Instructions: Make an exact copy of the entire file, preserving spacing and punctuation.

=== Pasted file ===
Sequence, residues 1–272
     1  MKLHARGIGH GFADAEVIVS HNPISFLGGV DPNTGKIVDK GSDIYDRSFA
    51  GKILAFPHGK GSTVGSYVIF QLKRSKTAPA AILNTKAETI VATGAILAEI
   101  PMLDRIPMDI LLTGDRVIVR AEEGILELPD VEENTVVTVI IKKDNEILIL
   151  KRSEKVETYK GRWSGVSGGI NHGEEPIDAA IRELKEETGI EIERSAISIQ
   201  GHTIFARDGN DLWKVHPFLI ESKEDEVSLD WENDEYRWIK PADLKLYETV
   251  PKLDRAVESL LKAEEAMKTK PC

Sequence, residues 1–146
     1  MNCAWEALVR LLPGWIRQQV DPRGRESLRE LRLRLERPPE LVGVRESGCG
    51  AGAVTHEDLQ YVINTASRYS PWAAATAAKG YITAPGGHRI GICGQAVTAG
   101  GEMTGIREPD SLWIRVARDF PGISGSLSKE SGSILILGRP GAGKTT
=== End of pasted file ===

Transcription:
Sequence, residues 1–272
     1  MKLHARGIGH GFADAEVIVS HNPISFLGGV DPNTGKIVDK GSDIYDRSFA
    51  GKILAFPHGK GSTVGSYVIF QLKRSKTAPA AILNTKAETI VATGAILAEI
   101  PMLDRIPMDI LLTGDRVIVR AEEGILELPD VEENTVVTVI IKKDNEILIL
   151  KRSEKVETYK GRWSGVSGGI NHGEEPIDAA IRELKEETGI EIERSAISIQ
   201  GHTIFARDGN DLWKVHPFLI ESKEDEVSLD WENDEYRWIK PADLKLYETV
   251  PKLDRAVESL LKAEEAMKTK PC

Sequence, residues 1–146
     1  MNCAWEALVR LLPGWIRQQV DPRGRESLRE LRLRLERPPE LVGVRESGCG
    51  AGAVTHEDLQ YVINTASRYS PWAAATAAKG YITAPGGHRI GICGQAVTAG
   101  GEMTGIREPD SLWIRVARDF PGISGSLSKE SGSILILGRP GAGKTT